Life has been too bleak lately: The Boston Marathon bombing, the tragic West Texas explosion, record flooding, and manic-depressive weather in Kokomo. So when Elmer rang my doorbell, I thought, “Oh no. I don’t need this.”
“Howdy, Ed,” Elmer beamed, his gold tooth as prominent as ever. “Thought I’d stop by and tell you about a news story I read.”
“Sure, come on in, Elmer,” I offered. The front of my brain was telling the back of my brain to get a better attitude.
“Just caught this out of Salina, Kansas, from the AP: ‘A central Kansas woman likely won’t remember her first circus for the clowns or performances — it’ll be the tiger in the bathroom.
“‘The big cat had escaped briefly after its turn in the ring Saturday ... Staff members blocked off the concourses ... as the tiger wandered into the bathroom, where one of the doors was blockaded.
“‘About that time, Salina resident Jenna Krehbiel decided she needed to use the restroom. When she walked in the door that hadn’t been blocked off, she found a tiger standing about 2 feet away ...
“‘“You don’t expect to go in a bathroom door, have it shut behind you and see a tiger walking toward you,” Krehbiel said.
“‘... Krehbiel, a social worker, said she didn’t scream or run because she is trained to stay calm.’”
“That is something, Elmer. Why, I remember the commercials about having a tiger in your tank. I never heard tell of having a tiger BY your tank,” I chuckled. At this point, I was glad Elmer stopped by.
“Ed,” Elmer confided, “I came by for a theological opinion. You see, today I took my Great Uncle Ned to his quack of a doctor. Doctor told him he would live to be 100. Ned said he already was 100. His doctor responded, ‘See, what did I tell you?’”
“No?” I marveled in unbelief.
“Yes!” Elmer affirmed. “But this got me thinking. My health is good and all that, but I thought maybe I should make prepaid arrangements. Anyhow, I wanted your opinion on stuff like viewing and cremation and all that. Even though I attend the Next-To-Last Church in Kokomo, I thought I’d get your view.”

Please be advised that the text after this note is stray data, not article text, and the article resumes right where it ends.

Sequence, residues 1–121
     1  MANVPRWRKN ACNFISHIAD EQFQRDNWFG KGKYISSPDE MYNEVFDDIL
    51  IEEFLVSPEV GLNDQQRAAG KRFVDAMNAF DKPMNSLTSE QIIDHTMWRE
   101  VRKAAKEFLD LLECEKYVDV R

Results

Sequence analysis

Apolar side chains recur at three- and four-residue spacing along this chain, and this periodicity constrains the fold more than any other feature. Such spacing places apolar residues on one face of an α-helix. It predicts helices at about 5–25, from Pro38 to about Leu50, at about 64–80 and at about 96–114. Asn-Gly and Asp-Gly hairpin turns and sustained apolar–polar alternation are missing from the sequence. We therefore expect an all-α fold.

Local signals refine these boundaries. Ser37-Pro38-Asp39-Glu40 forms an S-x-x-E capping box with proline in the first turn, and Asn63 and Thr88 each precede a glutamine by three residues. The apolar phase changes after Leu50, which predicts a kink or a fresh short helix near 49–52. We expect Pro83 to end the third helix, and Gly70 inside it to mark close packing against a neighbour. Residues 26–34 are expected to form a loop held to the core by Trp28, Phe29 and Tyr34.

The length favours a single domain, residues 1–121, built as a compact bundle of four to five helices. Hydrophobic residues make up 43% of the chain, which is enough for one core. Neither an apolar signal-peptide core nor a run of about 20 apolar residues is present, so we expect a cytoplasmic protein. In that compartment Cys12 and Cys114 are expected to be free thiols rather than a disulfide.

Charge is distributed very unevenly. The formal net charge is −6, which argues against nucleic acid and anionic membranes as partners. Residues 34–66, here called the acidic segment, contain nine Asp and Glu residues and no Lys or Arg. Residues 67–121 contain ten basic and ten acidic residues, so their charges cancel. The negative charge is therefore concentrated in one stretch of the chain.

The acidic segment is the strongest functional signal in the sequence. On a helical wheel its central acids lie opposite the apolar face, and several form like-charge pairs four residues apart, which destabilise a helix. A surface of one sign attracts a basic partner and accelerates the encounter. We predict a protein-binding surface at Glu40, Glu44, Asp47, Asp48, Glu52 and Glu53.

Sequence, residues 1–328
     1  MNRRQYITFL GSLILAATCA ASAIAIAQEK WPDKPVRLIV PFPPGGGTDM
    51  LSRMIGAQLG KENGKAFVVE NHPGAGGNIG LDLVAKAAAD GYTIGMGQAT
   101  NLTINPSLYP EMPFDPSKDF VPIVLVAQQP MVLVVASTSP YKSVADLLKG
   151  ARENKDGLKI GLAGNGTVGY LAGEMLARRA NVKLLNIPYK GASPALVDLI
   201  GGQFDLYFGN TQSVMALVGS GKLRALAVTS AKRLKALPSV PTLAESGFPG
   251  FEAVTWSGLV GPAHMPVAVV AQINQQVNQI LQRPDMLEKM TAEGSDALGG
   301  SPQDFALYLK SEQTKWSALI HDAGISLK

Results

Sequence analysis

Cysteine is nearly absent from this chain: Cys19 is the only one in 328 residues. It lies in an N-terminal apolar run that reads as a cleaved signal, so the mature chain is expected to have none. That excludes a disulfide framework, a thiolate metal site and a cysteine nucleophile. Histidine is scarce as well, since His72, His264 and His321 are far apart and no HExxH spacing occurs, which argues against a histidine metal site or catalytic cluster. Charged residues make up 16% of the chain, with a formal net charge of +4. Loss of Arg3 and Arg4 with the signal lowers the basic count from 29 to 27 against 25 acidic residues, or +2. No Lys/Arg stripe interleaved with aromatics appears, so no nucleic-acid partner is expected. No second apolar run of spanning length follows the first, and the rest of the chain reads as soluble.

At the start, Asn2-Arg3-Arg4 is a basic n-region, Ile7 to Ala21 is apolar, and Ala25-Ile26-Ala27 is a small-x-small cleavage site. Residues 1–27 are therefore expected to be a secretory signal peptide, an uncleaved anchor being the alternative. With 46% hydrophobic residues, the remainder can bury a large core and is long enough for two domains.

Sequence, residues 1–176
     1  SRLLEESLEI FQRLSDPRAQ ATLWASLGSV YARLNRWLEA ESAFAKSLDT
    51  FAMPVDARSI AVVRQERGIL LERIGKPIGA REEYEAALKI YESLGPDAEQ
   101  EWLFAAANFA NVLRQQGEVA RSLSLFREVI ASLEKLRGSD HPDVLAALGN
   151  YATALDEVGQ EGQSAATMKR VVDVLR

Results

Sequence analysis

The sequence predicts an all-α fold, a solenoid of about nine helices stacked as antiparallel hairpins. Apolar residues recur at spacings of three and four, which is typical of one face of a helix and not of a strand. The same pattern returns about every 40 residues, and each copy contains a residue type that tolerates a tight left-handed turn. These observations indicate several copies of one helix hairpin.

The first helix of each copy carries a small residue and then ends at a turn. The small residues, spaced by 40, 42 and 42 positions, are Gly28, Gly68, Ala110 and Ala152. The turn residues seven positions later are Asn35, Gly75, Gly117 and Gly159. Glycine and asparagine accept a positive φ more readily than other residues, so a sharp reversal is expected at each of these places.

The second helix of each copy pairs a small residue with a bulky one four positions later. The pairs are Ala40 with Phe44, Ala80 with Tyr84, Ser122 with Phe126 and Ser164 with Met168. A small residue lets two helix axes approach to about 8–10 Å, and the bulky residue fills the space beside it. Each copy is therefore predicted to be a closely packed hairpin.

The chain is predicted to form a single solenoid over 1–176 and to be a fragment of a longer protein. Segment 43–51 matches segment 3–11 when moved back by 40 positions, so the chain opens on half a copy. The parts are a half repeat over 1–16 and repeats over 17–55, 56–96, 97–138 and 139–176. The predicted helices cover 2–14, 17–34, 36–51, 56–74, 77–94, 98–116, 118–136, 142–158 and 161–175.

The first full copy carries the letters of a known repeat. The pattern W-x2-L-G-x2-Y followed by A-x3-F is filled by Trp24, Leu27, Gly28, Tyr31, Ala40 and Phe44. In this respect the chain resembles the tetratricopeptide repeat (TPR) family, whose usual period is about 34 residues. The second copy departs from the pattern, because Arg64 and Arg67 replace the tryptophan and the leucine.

“Well,” I replied, “I think viewings are a good idea. Some people have trouble with the idea of viewing a dead body, but I think it helps most family and friends. It makes you face that the person is gone; you are confronted with a reality you would rather not face. It helps you grieve, but it structures the grief. It’s real hard when the family first views the body, and it’s hard when they close the casket at the end of the service, but it’s a good kind of hard. We need a routine in our grief.”
“I see your point; my funeral would not really be about me, but is for the ones I love. I never thought of it this way.” I was not used to seeing Elmer solemn.
“As far as cremation goes, a lot of people have different opinions about this. Most arguments I have heard are pretty shabby extensions of principles, not really logical. I personally have no problem with cremation, but I do think it is good to have a place for those left behind to visit and grieve. Structure helps. I am not a big traditionalist, but I do think that our forefathers have accumulated an understanding of human nature that we should consider. I think the traditional viewing, funeral and burial in a cemetery is a good thing, whether cremated or not.”
“Thanks, Ed.” I could not believe that Elmer and I had a positive conversation, no cynicism. But it was too good to be true.
“You sure you aren’t in cahoots with the undertakers? I know you are all buddy-buddy,” Elmer accused.
“How about some coffee, Elmer?” I offered. Suddenly, Elmer decided to head home. Coffee works every time.
Ed Vasicek is pastor of Highland Park Church and a weekly contributor to the Kokomo Tribune. Contact him at firstname.lastname@example.org.